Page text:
A wait too long
By Mankhokwe Namusanya:
That was not really hope. That was dilly-dallying. Or, in the lingua of the dating streets: It was to see if he was serious.
Because, somehow, women think they have a measure of a man’s seriousness. As if it is some bodily temperature. They see a man, find that skipped heartbeat they lost in their young age, then, when their emotions start rioting, they pause them. Like a movie, just when two people are about to kiss and there is a knock at the door.
Then, from there, they start investigating the intentions of the man – if they want something serious, I should hasten to say.
“You don’t want to just increase body count,” a lady once told me. ‘Body count’, like they are some sort of a serial murderer on the loose. These days, the streets call that ‘body count’ a ‘mileage’. Like the person is a car.
I digressed, almost.
They get you on pause while investigating your intentions. It is not really a pause, because they make sure you are not far. So, they pause the serious getting into you while also making sure that you do not wander far.
Someday, they might text you that they miss you. Just like that. Out of the blues. I miss you. No name. No more words. Nothing. Just three words. A rope – or a chain. Around your neck.
When you reply to that with all the fervour, they realise you are there. You are in. You are not going. At least not just yet. They change the subject. Quickly. Subtly. Easily. How is your niece today?
Another trap. She is asking about my family. She is into me. She has me. Finally, I am there. In love.
Meanwhile, she scampers off to dig more. Your last relationship. Your female friends. Your job. Your beliefs. Your friends. Drinking habits. And, all that drama.
She was doing like that. Checking if he was serious.
And, sadly, his results were mostly inconclusive. I ask why.
“He was somehow difficult to read. Somehow, he looked serious. Like he had his life together. But, then, the posts on his Facebook, they painted another picture,” she says.
I feel uneasy. I never knew that these days also people are judged basing on Facebook posts – at least not for relationships. I know about work. I know about business. Employers and potential clients these days comb through social media. But, a relationship.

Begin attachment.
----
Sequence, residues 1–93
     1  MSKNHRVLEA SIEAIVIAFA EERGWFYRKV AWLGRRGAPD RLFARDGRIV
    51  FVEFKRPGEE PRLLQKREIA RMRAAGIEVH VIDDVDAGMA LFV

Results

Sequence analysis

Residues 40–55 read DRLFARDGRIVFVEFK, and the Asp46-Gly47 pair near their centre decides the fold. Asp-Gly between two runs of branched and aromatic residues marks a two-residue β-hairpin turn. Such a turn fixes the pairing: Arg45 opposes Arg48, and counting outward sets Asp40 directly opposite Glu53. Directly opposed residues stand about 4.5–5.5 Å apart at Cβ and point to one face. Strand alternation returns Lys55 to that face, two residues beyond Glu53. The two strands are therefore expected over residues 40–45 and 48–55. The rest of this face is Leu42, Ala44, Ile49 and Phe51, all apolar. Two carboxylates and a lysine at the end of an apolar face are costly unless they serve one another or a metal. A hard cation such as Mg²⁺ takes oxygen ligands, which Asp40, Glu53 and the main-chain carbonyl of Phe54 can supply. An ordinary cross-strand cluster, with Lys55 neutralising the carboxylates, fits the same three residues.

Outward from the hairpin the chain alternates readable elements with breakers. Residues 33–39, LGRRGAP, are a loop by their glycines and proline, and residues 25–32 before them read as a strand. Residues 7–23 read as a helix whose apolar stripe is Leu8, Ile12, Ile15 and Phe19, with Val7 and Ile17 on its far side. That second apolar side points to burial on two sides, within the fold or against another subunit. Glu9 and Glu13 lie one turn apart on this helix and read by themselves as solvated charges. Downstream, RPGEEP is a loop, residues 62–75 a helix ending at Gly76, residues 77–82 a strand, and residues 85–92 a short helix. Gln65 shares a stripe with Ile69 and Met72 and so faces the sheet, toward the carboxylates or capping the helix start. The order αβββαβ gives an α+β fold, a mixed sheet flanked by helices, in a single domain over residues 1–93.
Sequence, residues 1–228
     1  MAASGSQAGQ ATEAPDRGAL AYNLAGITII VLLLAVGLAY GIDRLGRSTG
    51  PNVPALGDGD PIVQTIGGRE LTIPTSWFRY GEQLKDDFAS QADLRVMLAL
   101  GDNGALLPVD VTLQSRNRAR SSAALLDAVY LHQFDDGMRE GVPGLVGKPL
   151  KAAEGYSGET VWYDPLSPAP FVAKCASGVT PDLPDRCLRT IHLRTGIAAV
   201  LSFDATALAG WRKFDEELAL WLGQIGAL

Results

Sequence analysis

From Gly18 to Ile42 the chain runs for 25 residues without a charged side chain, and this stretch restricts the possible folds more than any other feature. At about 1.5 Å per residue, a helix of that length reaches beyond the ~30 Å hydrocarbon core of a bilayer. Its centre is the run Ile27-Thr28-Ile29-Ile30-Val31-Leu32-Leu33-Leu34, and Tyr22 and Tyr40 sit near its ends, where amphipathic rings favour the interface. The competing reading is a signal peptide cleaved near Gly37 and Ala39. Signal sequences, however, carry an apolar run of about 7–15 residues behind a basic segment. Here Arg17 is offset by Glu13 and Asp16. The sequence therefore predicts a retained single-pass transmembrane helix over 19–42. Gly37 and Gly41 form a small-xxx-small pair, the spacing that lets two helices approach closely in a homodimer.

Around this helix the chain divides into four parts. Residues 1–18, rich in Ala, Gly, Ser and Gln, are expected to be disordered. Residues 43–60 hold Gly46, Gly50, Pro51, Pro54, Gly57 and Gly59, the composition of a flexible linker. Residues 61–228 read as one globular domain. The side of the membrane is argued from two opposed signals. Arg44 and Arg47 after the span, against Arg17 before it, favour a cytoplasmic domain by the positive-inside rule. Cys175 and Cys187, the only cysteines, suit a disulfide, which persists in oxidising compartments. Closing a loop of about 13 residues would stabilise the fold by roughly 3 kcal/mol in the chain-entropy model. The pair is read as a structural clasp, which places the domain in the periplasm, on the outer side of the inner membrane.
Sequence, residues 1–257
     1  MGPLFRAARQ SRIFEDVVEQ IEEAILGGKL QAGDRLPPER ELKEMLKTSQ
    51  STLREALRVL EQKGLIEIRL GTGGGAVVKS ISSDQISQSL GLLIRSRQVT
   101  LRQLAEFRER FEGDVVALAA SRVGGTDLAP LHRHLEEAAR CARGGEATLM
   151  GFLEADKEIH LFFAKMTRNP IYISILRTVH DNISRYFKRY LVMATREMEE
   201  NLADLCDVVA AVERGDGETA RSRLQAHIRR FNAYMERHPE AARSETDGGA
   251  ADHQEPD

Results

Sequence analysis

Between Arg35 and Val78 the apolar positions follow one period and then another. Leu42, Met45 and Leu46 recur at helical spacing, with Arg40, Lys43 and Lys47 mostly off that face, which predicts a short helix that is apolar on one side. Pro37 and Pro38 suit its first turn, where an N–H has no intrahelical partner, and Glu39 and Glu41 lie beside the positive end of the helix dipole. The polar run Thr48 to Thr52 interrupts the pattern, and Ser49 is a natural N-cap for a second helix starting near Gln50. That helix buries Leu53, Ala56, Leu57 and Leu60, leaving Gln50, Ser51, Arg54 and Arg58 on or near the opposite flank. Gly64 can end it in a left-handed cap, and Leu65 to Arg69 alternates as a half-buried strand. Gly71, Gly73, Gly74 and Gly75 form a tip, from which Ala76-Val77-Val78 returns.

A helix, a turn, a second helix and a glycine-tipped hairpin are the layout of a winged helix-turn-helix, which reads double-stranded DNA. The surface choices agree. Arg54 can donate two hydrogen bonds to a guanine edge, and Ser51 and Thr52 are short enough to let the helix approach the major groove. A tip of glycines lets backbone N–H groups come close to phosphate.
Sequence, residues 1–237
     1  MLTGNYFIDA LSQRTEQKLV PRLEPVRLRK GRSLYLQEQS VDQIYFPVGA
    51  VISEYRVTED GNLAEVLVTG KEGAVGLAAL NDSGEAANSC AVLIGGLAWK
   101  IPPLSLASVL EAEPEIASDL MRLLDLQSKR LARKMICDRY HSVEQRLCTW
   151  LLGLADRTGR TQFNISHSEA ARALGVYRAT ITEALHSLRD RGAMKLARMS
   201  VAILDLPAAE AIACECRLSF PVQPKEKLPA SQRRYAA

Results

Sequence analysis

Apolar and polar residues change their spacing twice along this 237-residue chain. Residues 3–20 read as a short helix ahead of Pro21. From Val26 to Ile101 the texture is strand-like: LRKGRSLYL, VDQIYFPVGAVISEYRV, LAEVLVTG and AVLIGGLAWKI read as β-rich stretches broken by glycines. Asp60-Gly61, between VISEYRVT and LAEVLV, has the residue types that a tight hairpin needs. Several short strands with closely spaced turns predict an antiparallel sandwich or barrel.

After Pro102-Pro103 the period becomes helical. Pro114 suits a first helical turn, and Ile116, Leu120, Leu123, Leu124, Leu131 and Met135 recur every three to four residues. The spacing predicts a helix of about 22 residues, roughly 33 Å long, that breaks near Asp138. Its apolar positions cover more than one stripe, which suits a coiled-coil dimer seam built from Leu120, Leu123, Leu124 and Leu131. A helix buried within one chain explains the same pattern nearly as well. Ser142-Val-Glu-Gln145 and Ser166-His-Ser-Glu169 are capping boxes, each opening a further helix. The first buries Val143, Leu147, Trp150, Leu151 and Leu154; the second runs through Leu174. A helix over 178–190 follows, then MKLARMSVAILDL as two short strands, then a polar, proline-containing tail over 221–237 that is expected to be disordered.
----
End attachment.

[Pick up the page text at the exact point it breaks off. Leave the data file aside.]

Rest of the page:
“But people on Facebook just post things. We post anything,” I challenge.
She agrees. But, she adds, when you keep hammering on the same issue each time you have to post anything, then it means you no longer consider it a joke. You mean it.
“You know that thing about teasing your friend? If you keep saying they are ugly each time you have an opportunity, you must be driving at something,” she concludes.
“Did he keep saying you are ugly?” It just feels fun to be simple.
Laughter, after realising I am being a deliberate jester.
“No, he did not talk about me. But he had this attitude towards marriage, towards women. It was unhealthy.”
Minus that, he was pleasant. And interesting. And lovable. Because his laughter was genuine. And whole – like a full Rhumba song. And, he knew how to say sorry when he was wrong.
“It was a difficult balance. A hard call.”
She kept him there – that corner you girls keep potentials in. On that chain. Allowing him to feel the love, sometimes, but also reminding him that it just was not there – yet.
I do not get to hear his side, so I must make do with imagination.
I think he realised the stupidity of that game – as we guys do (yes! We eventually do when we get grown). He kindly withdrew his troops. Battle over. Without telling.
For, without any message, she started realising that the phone calls were infrequent. The WhatsApp conversations were thinning. Those essay-mses were being responded to with ‘yeah’, ‘nope’ or ‘cheers’ and, even then, it was far much plausible to send a letter than write a message.
Then, someday, she realised the reason.
“He had found another.”
The heartbreak that comes with that statement makes me fail to correct her: It was not another, it was the one.
They met in a restaurant. He introduced her, the one, with joy to her – the investigator.
The emotion from that is better experienced than said. She thought of confronting him, but it was not as if he were cooperative. He just had a way of making her feel insignificant. She abandoned that route after a few embarrassing episodes.
She watched him walk away and set a new life.
Somehow, however, their paths collided again. They met and discussed that parting, over a drink. And, emotions rioted there. Like DPP and UDF, they agreed to bury the hatchet and forge a new way forward.
The other woman? She was in the picture. She was even married to him. She, actually, is the wife to him.
“I just realised that I loved him, that he was the one who had my heart. I accepted to be the other woman…”
She is the other woman. The one who wears that derided tag of MG2. When he can, he comes through and they share that bond. Then, he scampers off to his wife. Leaving her in the cold.
“How long do you think this will run for?”
She says she does not know. She is not even looking around. This arrangement, as it is, satisfies her.
Yes, it is not something she wished for. It is not something that she could have bargained for. But it is something she ended up with.